Marking his first 100 days in office, President Joe Biden delivered his first address to a joint session of the U.S. Congress on April 28.
Throughout his speech, Biden touted his pandemic recovery plan and ambitious proposals for jobs, gun control, police reform and infrastructure. He also hit on another priority – global warming – bringing up his Leaders’ Summit on Climate the prior week.
“Look, the climate crisis is not our fight alone; it’s a global fight,” Biden said. “The United States accounts, as all of you know, less than 15 percent of carbon emissions. The rest of the world accounts for 85 percent.”
The statement is misleading.
Although Biden is technically correct that the U.S. today accounts for only 15 percent of global carbon emissions, that figure underplays the country’s historical record as the biggest greenhouse polluter.
Furthermore, the U.S. remains the second-biggest emitter of carbon dioxide (CO2) – the primary greenhouse gas emitted through human activities, primarily burning oil, coal and natural gas. China, which ranks number one, accounts for 27 percent of global emissions.
China surpassed the U.S. as the biggest emitter of carbon dioxide in 2006. But from the 1750s until then, the U.S. put more carbon dioxide pollution in the atmosphere than any other country in the world, as seen in the graphs from Oxford University's tracking site Our World in Data.
It is estimated that the U.S. has emitted around 400 billion tons of CO2 – 25 percent of historical emissions – making it one of the countries most responsible for climate change.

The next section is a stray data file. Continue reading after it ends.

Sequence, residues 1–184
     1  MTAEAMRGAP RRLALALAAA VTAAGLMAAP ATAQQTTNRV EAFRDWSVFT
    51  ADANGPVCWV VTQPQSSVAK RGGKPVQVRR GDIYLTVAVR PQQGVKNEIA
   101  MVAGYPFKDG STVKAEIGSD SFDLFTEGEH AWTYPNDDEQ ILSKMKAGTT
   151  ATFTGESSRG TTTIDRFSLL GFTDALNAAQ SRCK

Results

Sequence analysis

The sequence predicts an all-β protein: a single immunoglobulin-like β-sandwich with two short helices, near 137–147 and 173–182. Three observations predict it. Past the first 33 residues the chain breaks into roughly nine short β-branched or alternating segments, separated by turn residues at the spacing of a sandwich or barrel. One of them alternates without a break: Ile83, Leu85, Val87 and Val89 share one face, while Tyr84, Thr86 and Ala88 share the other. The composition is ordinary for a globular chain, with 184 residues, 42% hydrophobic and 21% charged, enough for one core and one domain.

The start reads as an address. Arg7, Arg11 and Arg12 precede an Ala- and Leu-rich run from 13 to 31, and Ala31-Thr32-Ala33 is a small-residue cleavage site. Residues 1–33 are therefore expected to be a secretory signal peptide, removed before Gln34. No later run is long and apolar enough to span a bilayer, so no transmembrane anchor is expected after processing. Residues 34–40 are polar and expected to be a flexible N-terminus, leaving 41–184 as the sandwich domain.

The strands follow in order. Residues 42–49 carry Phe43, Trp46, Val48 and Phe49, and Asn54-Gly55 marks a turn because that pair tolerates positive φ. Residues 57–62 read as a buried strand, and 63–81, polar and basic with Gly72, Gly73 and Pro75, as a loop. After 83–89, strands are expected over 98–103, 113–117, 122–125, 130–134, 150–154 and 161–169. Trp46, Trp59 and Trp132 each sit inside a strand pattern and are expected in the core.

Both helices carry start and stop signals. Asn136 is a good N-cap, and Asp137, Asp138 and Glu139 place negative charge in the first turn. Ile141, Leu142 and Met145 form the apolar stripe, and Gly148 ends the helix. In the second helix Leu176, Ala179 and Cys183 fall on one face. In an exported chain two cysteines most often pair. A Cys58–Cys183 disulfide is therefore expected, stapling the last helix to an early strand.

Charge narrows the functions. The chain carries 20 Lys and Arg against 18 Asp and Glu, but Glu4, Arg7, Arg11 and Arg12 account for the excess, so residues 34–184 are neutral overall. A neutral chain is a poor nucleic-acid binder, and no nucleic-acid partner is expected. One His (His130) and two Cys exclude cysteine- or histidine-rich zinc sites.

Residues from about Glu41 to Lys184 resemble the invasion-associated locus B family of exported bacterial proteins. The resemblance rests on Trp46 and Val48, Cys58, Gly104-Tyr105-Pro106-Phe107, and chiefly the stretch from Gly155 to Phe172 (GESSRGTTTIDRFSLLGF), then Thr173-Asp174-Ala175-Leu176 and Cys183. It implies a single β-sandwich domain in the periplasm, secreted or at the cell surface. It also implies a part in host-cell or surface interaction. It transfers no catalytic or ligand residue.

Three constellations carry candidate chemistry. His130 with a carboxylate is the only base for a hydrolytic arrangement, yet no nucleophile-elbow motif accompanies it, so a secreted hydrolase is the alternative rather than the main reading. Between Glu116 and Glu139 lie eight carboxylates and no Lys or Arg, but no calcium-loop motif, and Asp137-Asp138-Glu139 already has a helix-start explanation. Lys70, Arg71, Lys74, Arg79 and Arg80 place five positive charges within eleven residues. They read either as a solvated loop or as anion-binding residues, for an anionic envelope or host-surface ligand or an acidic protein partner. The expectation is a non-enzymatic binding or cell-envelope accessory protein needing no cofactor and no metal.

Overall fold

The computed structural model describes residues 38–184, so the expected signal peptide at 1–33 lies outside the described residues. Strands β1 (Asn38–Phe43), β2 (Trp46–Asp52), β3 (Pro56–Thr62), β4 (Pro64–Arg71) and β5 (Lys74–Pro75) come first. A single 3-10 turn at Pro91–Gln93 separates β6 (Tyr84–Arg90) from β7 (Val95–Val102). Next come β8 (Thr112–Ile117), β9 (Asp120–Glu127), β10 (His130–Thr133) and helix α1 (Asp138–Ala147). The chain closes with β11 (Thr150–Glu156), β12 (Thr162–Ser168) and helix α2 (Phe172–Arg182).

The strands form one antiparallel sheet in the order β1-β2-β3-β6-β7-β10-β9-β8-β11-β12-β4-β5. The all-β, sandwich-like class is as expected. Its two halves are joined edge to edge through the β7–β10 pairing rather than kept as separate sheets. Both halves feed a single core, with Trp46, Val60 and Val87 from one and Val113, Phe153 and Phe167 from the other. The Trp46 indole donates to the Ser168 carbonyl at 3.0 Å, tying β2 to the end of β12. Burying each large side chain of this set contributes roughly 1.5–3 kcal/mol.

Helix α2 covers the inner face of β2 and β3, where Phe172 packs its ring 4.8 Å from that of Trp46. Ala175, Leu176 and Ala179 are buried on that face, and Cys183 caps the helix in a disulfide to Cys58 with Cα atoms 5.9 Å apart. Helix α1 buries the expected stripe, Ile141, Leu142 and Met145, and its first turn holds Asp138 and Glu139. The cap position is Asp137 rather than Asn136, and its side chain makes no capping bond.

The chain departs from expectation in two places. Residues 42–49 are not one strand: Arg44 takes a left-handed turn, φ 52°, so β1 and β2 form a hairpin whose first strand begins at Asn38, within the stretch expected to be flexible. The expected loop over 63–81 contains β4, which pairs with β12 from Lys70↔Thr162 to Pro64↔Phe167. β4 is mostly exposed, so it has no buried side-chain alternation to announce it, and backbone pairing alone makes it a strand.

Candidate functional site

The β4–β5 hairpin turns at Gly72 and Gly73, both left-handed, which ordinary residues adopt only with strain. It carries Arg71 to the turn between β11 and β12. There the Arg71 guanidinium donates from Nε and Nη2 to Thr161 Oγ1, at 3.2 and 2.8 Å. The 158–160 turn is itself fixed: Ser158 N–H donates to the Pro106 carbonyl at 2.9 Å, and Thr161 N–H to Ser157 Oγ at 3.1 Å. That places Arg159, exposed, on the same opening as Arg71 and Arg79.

Moreover, the U.S. remains one of the world’s biggest producers of CO2 per capita, with more than 16 tons in 2019. China, in comparison, produced 7.1 tons per capita the same year.
Global carbon emissions from fossil fuels have increased significantly since 1900, according to the U.S. Environmental Protection Agency:
Since 1970, CO2 emissions have increased by about 90%, with emissions from fossil fuel combustion and industrial processes contributing about 78% of the total greenhouse gas emissions increase from 1970 to 2011.
Fossil fuels remain the primary energy source in the United States, but their share has declined. In 1966 fossil fuels hit a high, accounting for 94 percent of total energy consumption. By 2017, fossil fuels supplied about 80 percent of the country’s energy, the least since 1902, according to the U.S. Energy Information Administration.
In 2018, Yale Environment 360 reported: “The decline in 2017 marks the third consecutive annual drop in U.S. domestic fossil fuel consumption. The trend is driven partly by a long decline in coal use — 40 percent since 2005, and 2.5 percent in 2017 alone.”
Renewable energy, including hydroelectric, wind, solar and others, accounted for some 11 percent of U.S. energy consumption in 2017.
According to 2020 data, U.S. carbon emissions declined more than 10 percent, the largest drop since the end of the World War II. That drop, however, was partially due to the coronavirus pandemic and still did not meet the goals set by the 2015 Paris climate agreement, under which the U.S. pledged to reduce carbon emissions by 26-28 percent of 2005 levels.
In 2019, the year before the pandemic, the U.S. only reduced emissions by 2.8 percent.
Biden’s predecessor Donald J. Trump pulled the United States out of the Paris accord. Biden reversed that on his first day in office, and his administration has promised to transition the country from fossil fuels into clean energy, while maintaining and creating more jobs for Americans in these industries. (Biden served as vice president under Barack Obama when the Paris agreement was reached.)
During the leaders’ climate summit, Biden vowed to cut U.S. greenhouse gas emissions by at least 50 percent by 2030.
While the administration has pitched that as an aggressive goal, some say the country could be doing more. According to Carbon Switch, an energy efficiency startup, the reductions set out by the Biden administration "would fall far short of those needed to meet the Paris agreement."